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Technologies to minimize water quality impacts of irrigated agriculture

Bjorneberg, D.L. and Sojka, R.E. and Leytem, A.B. (2005) Technologies to minimize water quality impacts of irrigated agriculture. In: Proceedings of the World Water and Environmental Resources Congress. USA-AK-Anchorage, 2005/05/15-19.

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Irrigation transformed arid land in the Pacific Northwest into productive agricultural
land. However, much of this land is prone to erosion during irrigation, which can
cause problems on and off of the field. Management practices have been developed to
control soil erosion on irrigated land and improve the quality of water returning to
streams and rivers. Applying polyacrylamide (PAM) with irrigation water can reduce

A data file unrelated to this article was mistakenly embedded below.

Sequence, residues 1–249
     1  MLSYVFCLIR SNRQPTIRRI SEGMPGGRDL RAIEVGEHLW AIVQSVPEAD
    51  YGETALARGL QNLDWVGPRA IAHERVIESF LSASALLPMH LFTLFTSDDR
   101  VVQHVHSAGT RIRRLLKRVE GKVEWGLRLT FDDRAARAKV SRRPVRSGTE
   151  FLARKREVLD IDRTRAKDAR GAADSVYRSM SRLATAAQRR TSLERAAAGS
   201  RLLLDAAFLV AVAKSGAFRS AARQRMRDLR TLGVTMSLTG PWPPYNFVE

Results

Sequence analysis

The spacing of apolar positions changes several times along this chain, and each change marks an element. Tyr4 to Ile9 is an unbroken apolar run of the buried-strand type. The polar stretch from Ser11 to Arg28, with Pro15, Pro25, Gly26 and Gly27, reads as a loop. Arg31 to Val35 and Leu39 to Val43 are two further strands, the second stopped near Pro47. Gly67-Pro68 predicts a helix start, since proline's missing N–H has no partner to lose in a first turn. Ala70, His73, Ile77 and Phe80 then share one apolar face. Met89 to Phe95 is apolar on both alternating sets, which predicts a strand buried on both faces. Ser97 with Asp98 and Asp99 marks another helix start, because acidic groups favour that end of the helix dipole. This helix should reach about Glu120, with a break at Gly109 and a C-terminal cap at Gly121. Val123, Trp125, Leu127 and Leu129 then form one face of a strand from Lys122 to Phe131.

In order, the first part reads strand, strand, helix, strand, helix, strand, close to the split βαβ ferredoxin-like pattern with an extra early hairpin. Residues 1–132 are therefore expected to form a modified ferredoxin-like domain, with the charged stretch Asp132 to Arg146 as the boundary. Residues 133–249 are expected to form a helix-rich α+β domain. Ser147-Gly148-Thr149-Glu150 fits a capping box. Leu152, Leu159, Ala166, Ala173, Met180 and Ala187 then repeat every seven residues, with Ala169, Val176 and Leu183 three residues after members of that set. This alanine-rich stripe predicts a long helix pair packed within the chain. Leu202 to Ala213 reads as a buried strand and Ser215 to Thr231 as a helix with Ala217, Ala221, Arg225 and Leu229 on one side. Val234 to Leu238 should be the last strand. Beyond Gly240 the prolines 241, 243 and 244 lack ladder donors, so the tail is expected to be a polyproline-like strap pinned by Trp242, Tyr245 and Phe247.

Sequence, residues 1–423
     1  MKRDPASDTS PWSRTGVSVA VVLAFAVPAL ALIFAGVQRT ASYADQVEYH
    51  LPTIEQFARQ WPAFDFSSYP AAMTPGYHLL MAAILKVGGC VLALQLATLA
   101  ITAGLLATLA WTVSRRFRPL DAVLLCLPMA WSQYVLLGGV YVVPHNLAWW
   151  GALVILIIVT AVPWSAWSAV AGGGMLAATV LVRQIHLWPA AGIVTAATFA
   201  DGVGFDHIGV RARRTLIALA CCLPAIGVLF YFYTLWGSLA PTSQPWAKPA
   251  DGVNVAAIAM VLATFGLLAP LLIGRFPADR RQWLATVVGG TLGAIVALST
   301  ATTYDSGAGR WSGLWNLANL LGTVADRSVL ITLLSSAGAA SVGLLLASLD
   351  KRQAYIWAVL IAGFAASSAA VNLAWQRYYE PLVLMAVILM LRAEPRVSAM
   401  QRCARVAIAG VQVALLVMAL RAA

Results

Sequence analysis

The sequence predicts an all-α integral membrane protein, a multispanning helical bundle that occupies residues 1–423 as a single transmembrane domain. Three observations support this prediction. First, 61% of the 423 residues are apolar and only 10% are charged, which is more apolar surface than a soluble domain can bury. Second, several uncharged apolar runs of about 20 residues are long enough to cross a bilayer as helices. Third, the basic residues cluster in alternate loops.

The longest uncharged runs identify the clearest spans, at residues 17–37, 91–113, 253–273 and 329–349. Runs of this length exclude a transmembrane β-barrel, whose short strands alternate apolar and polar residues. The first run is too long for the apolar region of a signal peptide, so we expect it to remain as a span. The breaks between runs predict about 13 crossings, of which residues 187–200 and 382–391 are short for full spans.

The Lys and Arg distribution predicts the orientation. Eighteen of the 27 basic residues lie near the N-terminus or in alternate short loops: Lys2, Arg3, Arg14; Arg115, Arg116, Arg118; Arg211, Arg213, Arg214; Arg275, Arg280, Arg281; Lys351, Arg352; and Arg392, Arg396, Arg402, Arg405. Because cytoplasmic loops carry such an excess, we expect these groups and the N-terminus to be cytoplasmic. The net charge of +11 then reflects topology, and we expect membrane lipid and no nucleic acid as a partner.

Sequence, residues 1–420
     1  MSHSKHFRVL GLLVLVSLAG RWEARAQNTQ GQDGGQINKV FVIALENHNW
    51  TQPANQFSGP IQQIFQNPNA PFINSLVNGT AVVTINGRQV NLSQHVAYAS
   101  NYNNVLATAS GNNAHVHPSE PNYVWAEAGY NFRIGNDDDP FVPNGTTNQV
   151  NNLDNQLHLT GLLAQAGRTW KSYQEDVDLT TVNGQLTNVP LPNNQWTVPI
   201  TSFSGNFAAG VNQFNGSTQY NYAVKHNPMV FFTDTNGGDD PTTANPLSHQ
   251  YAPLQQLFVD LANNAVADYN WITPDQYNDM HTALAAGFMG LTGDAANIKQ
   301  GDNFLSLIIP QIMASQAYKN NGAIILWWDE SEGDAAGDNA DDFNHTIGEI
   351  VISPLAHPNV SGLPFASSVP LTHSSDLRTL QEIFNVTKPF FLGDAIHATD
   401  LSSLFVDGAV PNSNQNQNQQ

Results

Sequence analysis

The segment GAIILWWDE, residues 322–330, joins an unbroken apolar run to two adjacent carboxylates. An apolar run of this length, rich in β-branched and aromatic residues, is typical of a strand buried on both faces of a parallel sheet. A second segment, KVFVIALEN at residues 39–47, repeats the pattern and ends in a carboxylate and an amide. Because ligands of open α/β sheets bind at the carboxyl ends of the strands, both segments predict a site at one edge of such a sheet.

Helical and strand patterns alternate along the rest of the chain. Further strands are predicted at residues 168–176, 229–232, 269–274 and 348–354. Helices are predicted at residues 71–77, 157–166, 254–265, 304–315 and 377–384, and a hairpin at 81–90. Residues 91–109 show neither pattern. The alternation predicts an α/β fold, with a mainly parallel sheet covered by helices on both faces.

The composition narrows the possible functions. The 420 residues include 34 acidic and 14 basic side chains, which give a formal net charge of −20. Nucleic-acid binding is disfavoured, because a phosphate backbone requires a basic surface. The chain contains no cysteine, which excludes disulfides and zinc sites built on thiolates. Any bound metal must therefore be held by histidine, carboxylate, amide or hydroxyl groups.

erosion from furrow irrigated fields more than 90%. Using PAM in combination with
other practices, such as applying straw mulch in furrows and installing small
sediment ponds on fields, can virtually eliminate sediment loss from fields. Once soil
runs off a field, it can be removed by settling in sediment ponds, although soluble
nutrients remain in the water. Applying 20 mg/L alum to irrigation return flow water
can remove about 50% of the soluble phosphorus that will not be removed as
suspended sediment settles in ponds. Using these management practices allows
irrigation to continue with minimal impact on water quality.

Item Type: Conference or Workshop Item (Paper)
NWISRL Publication Number: 1162
Additional Information: 2005 CDROM
Subjects: Water > Water quality
Mass Import - autoclassified (may be erroneous)
Depositing User: Users 6 not found.
Date Deposited: 20 Nov 2010 21:56
Last Modified: 02 Nov 2016 18:48
Item ID: 957